Describe Yourself as a Writer

<I>Q: Describe yourself as a writer using one word.</I>

A: zhogv3bi

I like weird things. And I like to write about weird things.

When I first started working as an advertising copywriter, my Creative Director gave me a little notebook on the first day (I’d love to picture it as a sexy leather-bound moleskin but nope, it was just a shitty dollar store book) and told me to write down anything weird I observe or experience during the day (of course I wrote that down as my first entry). This became my “There-Must-Be-An-Ad-In-That” idea book. If we were ever stuck for ad ideas, we were all urged to refer back to this book, just flip the pages and see if we could plug any of these strange things into an advertising concept.

I’ve never stopped doing this even though I’ve fled as far as possible from advertising. Only now instead of carrying around a notebook I just type it all into the Notes section of my phone.

Story on the news that made me laugh? I shove it in. I’m not a traditional person and my entire life I’ve been attracted towards the strange and things that are different. That includes reading novels based on strange situations (for example: Death and the Penguin, a story about a man who lives in post-USSR Ukraine with his pet penguin that he recovered from the bankrupt zoo). I love that kind of shit! Give me more of it! My thirst for the bizarre is rarely satisfied, though, that’s why I feel this need to write about it.

People who read my stuff always go “Wow you’ve got such a creative mind to come up with these things!” but let’s face it, that’s not the exact truth. Ideas don’t magically strike me down at any given moment. Maybe that’s how some writers work, but not me. It’s hard work – always observing, listening, and recording things down. That’s the key to it all – don’t hope you remember it later. Even if you’re lying in bed half asleep or on a crowded subway or in the shower – if it comes into your head, even if it doesn’t make sense at the moment, write it down! For those moments when you’re stuck with either where to begin a story or how to get one going, the idea swipe file will always come in handy. No matter how quirky the thought is.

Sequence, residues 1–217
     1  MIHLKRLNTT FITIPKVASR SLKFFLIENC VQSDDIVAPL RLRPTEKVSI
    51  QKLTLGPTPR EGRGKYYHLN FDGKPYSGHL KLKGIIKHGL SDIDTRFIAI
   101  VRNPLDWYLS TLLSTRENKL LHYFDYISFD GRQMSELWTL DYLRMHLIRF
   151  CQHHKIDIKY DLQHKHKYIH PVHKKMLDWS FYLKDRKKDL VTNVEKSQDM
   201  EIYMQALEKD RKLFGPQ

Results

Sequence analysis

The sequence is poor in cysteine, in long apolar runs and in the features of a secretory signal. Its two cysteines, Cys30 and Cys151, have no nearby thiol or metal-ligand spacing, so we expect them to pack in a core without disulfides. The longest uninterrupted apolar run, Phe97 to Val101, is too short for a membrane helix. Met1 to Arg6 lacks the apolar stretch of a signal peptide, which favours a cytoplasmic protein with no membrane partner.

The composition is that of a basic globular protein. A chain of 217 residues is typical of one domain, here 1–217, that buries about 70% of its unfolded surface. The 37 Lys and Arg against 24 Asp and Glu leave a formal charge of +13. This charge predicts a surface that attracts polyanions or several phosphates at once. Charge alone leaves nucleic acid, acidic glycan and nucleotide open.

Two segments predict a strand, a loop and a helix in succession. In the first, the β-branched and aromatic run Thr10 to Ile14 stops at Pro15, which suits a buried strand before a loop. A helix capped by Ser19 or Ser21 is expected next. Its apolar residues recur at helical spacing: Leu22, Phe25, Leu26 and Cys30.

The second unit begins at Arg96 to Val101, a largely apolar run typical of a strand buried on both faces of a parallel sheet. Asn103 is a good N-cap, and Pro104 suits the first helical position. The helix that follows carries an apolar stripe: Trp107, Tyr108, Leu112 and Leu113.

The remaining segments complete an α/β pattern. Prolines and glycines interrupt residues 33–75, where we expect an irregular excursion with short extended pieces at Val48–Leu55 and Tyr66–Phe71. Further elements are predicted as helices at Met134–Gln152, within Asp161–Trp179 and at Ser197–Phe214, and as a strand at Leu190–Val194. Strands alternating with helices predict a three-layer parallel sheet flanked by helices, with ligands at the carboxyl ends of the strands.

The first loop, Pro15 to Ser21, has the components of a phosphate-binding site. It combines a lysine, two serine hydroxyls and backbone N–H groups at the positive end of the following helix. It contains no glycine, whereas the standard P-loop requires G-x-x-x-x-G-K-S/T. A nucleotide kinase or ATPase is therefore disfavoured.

By the way, QUIRKY has a close relation to CRAZY, so sometimes I straddle both lines…

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But I’m okay with that.

How would you describe yourself as a writer? Also, if you have any fab quirky book recommendations for me, please don’t hesitate to share! I’m always on the lookout!

 

Dialogue Problems – “Gonna”

My first drafts are word dumps where I do just that – dump out as many words and scenes and characters as possible. Then I go back and clean everything up. Cut out awkward scenes and kill my darlings, you know how it is.

Right now, I’m stuck on my dialogue.

We’re told to write realistically, to make it sound the way a person would speak. Sometimes I read a passage outloud and no, it doesn’t work, it sounds too formal.That’s definitely something I learned while watching Eastenders last night.

Here’s the word I’m stuck on now: “Gonna”.

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Nobody says “I’m going to head over to Starbucks.” I mean, maybe sometimes someone actually will say it? But I watched some TV shows and every character says “gonna”. So people generally really actually do say “gonna”. “I’m gonna head over to Starbucks.” “I’m gonna eat that pizza.” “This is gonna be good!” The word really is an authentic part of dialogue.

Then why does it feel so weird for me to use it? It just looks so out of place for me, and stands out when I read dialogue between characters. Is it just me, am I overthinking this tiny word? Or is “gonna” really bad to use in my writing?

Oh well. I’m gonna go drown my sorrows in more wine. And do more editing.

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*It’s never gonna get old

I still don’t understand half of what they’re saying